Paragraph 6 of the same Resolution very explicitly lays down that "any attempt aimed at partial or total disruption of the national unity and the territorial integrity of a country is incompatible with the purposes and principles of the Charter of United Nations."
The Declaration 1514 is not only a resolution about the granting of independence to colonial countries and peoples but it is an affirmation of fundamental rights and a pillar in the UN Charter.
August - A joint US/UK military survey of the islands took place. The UK/US first choice was the island of Aldabra, north of Madagascar.
Unfortunately, Aldabra was the breeding ground for rare giant tortoises, whose mating habits would have probably been upset by the military activity and whose cause would have been championed noisily by publicity-aware ecologists.
The alternative was the Chagos Islands, part of Mauritius, then a British territory campaigning for independence and inhabited by Chagossians .
A Special Committee on Decolonisation was created by General Assembly Resolution 1654 to implement Declaration 1514 (above) and to make recommendations on its application. In October 1964, the attention of the Special Committee was drawn to a report that the United Kingdom and the United States of America were "examining the recommendations of an Anglo-American naval Mission which had selected the island of Diego Garcia in the Chagos Archipelago which was dependency of Mauritius" for the establishment of a joint military base.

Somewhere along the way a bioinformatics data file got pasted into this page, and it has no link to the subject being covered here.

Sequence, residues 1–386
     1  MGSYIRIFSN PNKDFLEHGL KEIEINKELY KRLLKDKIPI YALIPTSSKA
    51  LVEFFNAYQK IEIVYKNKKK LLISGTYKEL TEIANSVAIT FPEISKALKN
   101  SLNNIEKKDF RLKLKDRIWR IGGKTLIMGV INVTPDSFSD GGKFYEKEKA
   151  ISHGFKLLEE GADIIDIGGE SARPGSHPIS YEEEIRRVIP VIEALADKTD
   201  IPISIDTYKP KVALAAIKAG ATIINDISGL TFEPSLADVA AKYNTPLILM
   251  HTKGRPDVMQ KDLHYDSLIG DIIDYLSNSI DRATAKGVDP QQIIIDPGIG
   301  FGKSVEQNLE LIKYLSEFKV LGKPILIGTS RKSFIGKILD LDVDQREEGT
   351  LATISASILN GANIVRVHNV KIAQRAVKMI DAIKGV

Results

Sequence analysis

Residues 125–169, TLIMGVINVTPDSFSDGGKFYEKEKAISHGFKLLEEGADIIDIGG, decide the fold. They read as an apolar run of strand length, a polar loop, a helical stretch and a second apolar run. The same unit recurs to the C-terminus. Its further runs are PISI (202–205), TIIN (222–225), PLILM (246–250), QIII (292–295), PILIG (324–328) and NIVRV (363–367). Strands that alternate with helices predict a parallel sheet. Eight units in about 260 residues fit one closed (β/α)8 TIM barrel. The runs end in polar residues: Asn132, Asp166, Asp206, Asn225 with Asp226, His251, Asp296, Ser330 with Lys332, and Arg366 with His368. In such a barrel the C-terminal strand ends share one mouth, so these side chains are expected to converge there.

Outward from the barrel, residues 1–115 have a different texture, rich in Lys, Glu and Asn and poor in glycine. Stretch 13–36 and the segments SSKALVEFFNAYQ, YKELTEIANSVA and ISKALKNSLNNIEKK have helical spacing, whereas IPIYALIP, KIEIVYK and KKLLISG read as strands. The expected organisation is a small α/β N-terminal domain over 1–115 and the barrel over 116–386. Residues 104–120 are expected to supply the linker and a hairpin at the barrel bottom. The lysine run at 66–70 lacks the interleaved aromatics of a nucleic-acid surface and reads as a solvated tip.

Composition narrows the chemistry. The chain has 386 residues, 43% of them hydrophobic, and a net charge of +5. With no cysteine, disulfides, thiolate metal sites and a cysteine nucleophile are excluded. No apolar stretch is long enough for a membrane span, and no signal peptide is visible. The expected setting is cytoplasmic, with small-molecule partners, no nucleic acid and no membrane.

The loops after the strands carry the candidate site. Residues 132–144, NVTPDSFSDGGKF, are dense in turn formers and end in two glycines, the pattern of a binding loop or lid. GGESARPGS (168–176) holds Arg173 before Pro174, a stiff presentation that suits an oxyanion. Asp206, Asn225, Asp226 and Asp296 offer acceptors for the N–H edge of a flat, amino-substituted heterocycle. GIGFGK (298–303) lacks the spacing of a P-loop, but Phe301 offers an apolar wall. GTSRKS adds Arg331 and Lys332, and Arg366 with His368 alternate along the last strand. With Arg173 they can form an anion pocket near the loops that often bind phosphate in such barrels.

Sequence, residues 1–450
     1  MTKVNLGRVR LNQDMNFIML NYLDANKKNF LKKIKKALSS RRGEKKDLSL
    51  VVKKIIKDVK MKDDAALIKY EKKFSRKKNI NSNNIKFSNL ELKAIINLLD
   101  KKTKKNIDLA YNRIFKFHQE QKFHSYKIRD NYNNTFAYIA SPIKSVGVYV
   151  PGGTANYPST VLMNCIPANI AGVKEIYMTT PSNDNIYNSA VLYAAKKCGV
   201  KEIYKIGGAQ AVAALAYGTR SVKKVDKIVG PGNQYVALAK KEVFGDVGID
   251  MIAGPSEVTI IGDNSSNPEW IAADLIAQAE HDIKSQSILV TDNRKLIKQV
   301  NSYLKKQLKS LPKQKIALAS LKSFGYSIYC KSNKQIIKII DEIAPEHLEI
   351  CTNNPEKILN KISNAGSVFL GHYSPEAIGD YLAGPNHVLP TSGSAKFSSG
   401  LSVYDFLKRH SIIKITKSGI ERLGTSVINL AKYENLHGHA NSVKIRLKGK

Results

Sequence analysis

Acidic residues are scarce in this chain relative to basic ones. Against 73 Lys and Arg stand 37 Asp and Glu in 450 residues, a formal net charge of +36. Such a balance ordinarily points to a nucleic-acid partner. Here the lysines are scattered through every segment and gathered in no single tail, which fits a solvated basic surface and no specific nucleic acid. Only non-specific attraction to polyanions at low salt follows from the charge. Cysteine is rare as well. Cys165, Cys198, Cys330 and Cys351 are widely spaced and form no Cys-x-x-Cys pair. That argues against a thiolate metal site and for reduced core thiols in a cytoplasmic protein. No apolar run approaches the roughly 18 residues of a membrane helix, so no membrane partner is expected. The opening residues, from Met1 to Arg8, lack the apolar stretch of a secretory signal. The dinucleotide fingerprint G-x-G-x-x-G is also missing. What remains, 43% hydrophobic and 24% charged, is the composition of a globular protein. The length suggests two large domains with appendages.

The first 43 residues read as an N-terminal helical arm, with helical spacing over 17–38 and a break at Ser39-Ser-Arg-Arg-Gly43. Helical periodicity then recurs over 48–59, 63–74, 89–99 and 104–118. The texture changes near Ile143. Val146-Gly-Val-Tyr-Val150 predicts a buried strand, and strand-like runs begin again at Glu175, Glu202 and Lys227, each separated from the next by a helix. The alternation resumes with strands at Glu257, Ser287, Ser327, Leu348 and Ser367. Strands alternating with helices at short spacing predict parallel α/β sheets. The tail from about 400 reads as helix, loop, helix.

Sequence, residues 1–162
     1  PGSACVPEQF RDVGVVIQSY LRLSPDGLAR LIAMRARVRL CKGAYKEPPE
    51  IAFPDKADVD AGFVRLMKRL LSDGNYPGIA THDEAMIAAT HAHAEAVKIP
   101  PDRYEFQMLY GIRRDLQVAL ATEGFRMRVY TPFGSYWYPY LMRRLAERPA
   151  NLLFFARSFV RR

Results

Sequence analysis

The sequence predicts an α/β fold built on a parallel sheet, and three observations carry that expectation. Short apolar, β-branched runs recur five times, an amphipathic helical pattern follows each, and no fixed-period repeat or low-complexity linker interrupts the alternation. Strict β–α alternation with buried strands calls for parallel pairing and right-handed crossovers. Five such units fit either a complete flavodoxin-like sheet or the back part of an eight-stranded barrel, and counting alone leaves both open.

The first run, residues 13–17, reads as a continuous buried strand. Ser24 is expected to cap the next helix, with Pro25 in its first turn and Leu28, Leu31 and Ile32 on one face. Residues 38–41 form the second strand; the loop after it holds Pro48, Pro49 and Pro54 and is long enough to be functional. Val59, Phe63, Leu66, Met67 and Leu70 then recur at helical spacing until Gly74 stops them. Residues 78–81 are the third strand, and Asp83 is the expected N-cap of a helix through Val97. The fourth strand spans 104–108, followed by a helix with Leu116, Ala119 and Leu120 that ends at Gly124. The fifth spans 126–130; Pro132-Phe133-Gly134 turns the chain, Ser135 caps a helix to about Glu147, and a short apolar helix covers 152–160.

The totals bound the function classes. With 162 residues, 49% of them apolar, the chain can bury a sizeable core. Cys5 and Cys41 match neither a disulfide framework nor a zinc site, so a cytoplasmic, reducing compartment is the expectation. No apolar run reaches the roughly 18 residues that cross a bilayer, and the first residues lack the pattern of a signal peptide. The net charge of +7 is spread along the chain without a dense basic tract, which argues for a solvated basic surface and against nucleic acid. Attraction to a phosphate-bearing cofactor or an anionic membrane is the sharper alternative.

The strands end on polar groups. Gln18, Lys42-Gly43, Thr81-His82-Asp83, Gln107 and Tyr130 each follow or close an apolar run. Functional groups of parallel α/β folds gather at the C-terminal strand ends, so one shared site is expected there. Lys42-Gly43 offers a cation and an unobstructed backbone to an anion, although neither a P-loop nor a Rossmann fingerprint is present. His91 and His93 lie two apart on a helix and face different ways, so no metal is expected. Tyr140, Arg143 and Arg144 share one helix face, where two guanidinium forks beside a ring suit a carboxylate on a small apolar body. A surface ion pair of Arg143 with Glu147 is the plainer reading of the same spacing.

On the advice of the Special Committee on Decolonisation, the General Assembly adopted United Nations Resolution 2066 (XV). "Noting with deep concern that any step taken by the administrative power to detach certain islands from the territory of Mauritius for the purpose of establishing a military base would be in contravention of the Declaration and in particular paragraph 6 thereof
... invites the administrating power to take no action which would dismember the territory of Mauritius and violate the territorial integrity. (Attached key text)
The UN Genaral Assembly has since repeated its disapproval of UK'S action by adopting Resolution 2232 and 2357."
Chagossians visiting relatives and friends in Mauritius were not allowed to return to the Chagos. They were informed that "The Islands are closed". This, and other tactics, continued until 1973.